LadderRemember ‘Tam with The Plan’ from my earlier blog “Planning only works if the goals are right?”

It was tenacious planning that enabled me to climb the Success Ladder with ease.  It was a steep journey and I kept my focus upwards, continually striving for the next rung, each one representing an achievement:
Status: check, Money: check, Car: check, Recognition: check, Qualification: check, Property: check…

Until I got close to the top and realized that my plan omitted some rather important aspects of success:
Alignment with my values: fail, Personal fulfillment: fail, Enjoyment: fail, Happiness: fail.

Truthfully, it was my body that alerted me first, when it dramatically ‘took me out’ one day as I was bending down to plug in the vacuum cleaner – my lower back went into spasm and I couldn’t stand up.  In agony and with tears streaming down my face, I called my mum whose first words to me were “Are you listening yet?”  Yeah, cheers mum.  Those wise words were hard to hear at the time, but they have since become very helpful in identifying when it’s time to stop.

What followed was two weeks laid up in bed and a sudden realisation that while I was climbing from achievement to achievement, I’d managed to successfully plan myself into being stressed out, knackered and miserable.  Sure, I’d climbed the success ladder with ease but wrong by wrong!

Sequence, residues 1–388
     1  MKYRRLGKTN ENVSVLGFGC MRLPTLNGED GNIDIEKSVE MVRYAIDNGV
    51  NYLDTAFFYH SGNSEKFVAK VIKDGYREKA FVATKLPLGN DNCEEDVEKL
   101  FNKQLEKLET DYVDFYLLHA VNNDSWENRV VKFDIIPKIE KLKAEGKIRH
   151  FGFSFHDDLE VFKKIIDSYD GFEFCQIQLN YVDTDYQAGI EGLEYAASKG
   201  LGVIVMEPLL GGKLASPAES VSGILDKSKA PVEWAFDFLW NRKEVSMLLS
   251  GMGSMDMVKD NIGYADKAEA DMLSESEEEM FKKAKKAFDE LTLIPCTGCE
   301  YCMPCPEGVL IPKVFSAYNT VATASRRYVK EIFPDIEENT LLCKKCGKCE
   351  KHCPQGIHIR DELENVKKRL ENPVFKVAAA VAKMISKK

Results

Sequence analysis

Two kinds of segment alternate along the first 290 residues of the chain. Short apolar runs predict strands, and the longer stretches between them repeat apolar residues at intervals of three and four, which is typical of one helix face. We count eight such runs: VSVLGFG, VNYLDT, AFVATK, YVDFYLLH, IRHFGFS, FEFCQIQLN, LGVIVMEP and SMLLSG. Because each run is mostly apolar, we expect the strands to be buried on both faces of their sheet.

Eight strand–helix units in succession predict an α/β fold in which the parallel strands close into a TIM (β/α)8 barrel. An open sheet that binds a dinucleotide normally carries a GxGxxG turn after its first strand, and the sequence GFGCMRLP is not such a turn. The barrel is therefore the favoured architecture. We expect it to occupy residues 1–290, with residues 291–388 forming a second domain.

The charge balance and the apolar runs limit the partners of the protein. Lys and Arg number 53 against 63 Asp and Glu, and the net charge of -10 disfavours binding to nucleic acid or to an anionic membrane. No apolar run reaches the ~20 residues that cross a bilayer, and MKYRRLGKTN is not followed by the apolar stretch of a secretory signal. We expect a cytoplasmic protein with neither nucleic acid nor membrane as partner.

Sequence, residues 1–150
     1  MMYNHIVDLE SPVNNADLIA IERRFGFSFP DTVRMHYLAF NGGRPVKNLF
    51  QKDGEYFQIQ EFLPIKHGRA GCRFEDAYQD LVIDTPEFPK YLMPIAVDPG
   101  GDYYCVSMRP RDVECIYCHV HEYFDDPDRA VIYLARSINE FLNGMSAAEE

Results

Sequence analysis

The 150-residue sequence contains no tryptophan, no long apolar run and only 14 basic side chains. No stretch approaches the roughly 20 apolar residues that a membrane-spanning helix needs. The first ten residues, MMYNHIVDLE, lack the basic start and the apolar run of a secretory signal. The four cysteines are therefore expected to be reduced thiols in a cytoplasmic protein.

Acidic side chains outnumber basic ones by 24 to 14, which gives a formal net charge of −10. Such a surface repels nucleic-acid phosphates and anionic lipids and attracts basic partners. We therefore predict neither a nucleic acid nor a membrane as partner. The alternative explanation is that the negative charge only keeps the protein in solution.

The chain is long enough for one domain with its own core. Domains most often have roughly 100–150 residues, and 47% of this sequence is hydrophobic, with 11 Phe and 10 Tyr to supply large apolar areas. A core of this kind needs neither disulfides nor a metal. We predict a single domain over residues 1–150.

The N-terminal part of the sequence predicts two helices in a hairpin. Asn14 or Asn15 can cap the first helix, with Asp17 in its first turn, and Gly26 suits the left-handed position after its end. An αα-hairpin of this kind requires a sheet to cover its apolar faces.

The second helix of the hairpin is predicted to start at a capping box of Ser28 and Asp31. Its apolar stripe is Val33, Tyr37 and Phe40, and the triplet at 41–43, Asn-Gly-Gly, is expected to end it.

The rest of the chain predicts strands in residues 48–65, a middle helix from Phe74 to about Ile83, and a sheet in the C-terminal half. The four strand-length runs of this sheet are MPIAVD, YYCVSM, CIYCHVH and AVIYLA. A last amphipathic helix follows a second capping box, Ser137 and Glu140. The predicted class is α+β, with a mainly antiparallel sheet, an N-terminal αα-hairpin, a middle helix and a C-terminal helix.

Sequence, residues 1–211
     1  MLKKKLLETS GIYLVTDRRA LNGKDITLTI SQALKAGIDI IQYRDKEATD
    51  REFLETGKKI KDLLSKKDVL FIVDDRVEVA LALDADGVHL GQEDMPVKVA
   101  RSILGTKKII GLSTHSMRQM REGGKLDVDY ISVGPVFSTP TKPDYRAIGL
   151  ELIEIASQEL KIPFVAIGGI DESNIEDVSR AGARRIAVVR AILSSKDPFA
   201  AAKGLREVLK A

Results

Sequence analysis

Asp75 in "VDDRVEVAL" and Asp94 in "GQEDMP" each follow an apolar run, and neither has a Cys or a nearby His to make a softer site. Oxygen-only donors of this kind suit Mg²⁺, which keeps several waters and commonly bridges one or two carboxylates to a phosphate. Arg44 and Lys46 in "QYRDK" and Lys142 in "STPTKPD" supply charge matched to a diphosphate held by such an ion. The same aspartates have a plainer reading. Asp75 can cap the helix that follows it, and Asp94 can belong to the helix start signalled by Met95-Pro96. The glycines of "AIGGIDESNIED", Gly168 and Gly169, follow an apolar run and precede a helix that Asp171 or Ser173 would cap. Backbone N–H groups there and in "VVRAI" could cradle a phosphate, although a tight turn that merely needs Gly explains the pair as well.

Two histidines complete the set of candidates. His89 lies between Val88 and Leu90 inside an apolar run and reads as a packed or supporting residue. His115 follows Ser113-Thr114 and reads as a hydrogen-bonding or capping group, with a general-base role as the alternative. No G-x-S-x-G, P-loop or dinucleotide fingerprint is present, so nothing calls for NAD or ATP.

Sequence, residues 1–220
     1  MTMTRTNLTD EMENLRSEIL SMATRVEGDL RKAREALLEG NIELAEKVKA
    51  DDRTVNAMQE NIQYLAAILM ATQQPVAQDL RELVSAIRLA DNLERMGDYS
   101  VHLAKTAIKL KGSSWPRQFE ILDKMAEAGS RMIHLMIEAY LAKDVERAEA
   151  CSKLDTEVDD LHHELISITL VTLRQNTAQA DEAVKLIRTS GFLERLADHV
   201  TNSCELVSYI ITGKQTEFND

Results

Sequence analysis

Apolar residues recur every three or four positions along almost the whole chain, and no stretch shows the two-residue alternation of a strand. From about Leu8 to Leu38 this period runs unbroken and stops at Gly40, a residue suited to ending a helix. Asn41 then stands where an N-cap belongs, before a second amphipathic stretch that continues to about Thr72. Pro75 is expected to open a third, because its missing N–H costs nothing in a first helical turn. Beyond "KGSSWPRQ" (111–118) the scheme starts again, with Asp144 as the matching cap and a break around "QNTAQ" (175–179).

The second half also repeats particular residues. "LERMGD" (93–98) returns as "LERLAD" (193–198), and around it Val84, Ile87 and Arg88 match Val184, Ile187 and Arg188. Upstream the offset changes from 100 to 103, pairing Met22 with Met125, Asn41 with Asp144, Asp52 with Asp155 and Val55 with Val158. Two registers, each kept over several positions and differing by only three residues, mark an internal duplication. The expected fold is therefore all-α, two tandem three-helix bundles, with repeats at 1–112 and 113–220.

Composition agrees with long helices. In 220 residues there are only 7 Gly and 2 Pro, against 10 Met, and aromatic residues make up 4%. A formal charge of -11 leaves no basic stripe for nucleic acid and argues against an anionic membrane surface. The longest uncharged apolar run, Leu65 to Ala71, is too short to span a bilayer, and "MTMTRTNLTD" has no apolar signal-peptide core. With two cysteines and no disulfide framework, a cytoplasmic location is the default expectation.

So, I jumped.  I quit the corporate world, sold my car, dumped the boyfriend, sold the flat and left the country…

Now, arguably this was a more dramatic readjustment than was necessary, but by that stage, backtracking down rung by rung was for me, a far more daunting prospect than just starting again.

I spent 4 years in Australia, travelling and bumming about on beaches, working in customer services, studying Clinical Hypnotherapy and reassessing my success strategy.   Being on the other side of the world away from the relationships and circumstances that led to my jump, certainly gave me a new perspective on life, but whilst it makes for a great story, I’m not recommending it either.  Oz was a great experience and I wouldn’t change how it panned out for me, but what I have since learnt is that had I paused for a while at each rung at the time to take stock, I could have gained that new perspective from right where I was.

So, if you’re also on a steep climb up the Success Ladder, good for you!  But are you focused solely on the rung above you?  I’d recommend that you pause occasionally to look sideways and notice what’s going on around you.  Look downwards and notice the people who are climbing with you.  Listen to your body and take notice of what’s happening physically as you climb to the next rung.  And most importantly, identify the real purpose of the climb – in other words, check that your success ladder is leaning against the right wall!

As I travel around the country, I meet lots of people with similar stories..  perhaps some of them will post here..  Equally, if we have not yet connected, but you have some insight to offer or an experience to share, you are very welcome to 🙂

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